What does the 60 and 70 in valuation represent?

I’m reading the MHU Mobile Home Park Home Study Course book I just got. The generic rule for valuation in the book states that if the residents pay their own sewage and water, multiple the # of occupied units times the monthly rent times 70. But if the park pays the sewage and water, multiple the # of occupied units times the monthly rent times 60.

What do the 60 or 70 represent?

That is a gross rent multiplier (GRM). This is something that is very common in almost every other form of real estate and it gives you nothing more than a quick way to evaluate leads for further review. Something that most people forget is that you need to ultimately make offers off of actual financials and not off of a GRM.

The 60 and 70 numbers are something that both Dave and I developed independently (back when we were competitors) but basically boils down to a shortcut to a 12% cap rate, assuming normal operating costs and lot rents of $100 to $400 per month.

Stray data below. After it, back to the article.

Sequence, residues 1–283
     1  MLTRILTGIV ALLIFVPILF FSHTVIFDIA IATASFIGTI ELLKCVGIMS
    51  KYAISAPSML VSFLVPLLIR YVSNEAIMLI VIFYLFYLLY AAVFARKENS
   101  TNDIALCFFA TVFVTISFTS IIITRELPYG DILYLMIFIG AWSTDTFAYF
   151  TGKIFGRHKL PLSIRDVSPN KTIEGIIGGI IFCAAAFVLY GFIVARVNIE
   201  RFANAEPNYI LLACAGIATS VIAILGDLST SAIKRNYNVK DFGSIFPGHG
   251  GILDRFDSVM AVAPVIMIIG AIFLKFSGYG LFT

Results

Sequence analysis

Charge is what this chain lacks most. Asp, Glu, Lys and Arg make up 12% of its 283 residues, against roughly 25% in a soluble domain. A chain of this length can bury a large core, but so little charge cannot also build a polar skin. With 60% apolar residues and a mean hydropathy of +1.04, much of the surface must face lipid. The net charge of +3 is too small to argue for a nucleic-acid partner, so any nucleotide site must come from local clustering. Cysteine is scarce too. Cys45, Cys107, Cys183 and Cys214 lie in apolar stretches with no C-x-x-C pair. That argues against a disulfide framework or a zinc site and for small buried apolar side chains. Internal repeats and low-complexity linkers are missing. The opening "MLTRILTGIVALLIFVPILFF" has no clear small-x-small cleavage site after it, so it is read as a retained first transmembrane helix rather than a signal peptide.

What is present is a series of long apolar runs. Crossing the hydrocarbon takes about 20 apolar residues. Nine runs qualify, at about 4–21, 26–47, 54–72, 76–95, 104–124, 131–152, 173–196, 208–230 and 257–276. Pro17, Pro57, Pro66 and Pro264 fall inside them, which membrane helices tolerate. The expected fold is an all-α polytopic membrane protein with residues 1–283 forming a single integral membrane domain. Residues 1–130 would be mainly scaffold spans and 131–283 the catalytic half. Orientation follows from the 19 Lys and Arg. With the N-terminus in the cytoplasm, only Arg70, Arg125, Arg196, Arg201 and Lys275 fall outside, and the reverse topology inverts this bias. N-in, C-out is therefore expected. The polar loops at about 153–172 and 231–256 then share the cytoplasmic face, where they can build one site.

Charles D is absolutely correct, this is just a ballpark value and you should never buy a property without doing an actual, much tighter examination of the revenue and expenses.

Here’s why we developed the formula. You call a Mom and Pop. Pop says “what will you give me for my park?” You say “well, how many lots do you have occupied? What’s you lot rent? Who pays for the water and sewer?” Pop says " I’ve got 60 occupied at $200, and the tenants pay the water and sewer". So you do the math of 60 x $200 x 70 = $840,000 and say “$840,000”. So he says, “that sounds kind of low, how about $1,200,000”. And you say “how about we split the difference at $1 million flat”. So what happened is you offered a 12% cap rate, he countered with an 8 % cap rate, and you settled on a 10% cap rate, which was your goal in the first place. Then you prove up the numbers in due diligence. That’s really all the formula was designed to do.